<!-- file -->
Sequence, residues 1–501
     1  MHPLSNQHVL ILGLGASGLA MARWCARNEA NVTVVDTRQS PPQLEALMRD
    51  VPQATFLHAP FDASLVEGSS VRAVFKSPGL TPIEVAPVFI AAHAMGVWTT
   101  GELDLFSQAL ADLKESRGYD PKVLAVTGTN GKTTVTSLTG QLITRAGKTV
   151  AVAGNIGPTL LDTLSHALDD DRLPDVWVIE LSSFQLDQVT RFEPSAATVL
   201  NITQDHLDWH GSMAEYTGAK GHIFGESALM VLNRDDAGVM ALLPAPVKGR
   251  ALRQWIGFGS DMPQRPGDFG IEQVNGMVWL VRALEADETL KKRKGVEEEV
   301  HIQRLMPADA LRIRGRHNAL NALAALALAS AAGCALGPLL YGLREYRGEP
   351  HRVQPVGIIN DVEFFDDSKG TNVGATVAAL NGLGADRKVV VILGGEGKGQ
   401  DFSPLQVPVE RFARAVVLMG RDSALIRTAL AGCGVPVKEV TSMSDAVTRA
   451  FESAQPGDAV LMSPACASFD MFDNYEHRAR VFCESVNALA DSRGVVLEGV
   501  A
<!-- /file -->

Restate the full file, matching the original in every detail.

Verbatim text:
Sequence, residues 1–501
     1  MHPLSNQHVL ILGLGASGLA MARWCARNEA NVTVVDTRQS PPQLEALMRD
    51  VPQATFLHAP FDASLVEGSS VRAVFKSPGL TPIEVAPVFI AAHAMGVWTT
   101  GELDLFSQAL ADLKESRGYD PKVLAVTGTN GKTTVTSLTG QLITRAGKTV
   151  AVAGNIGPTL LDTLSHALDD DRLPDVWVIE LSSFQLDQVT RFEPSAATVL
   201  NITQDHLDWH GSMAEYTGAK GHIFGESALM VLNRDDAGVM ALLPAPVKGR
   251  ALRQWIGFGS DMPQRPGDFG IEQVNGMVWL VRALEADETL KKRKGVEEEV
   301  HIQRLMPADA LRIRGRHNAL NALAALALAS AAGCALGPLL YGLREYRGEP
   351  HRVQPVGIIN DVEFFDDSKG TNVGATVAAL NGLGADRKVV VILGGEGKGQ
   401  DFSPLQVPVE RFARAVVLMG RDSALIRTAL AGCGVPVKEV TSMSDAVTRA
   451  FESAQPGDAV LMSPACASFD MFDNYEHRAR VFCESVNALA DSRGVVLEGV
   501  A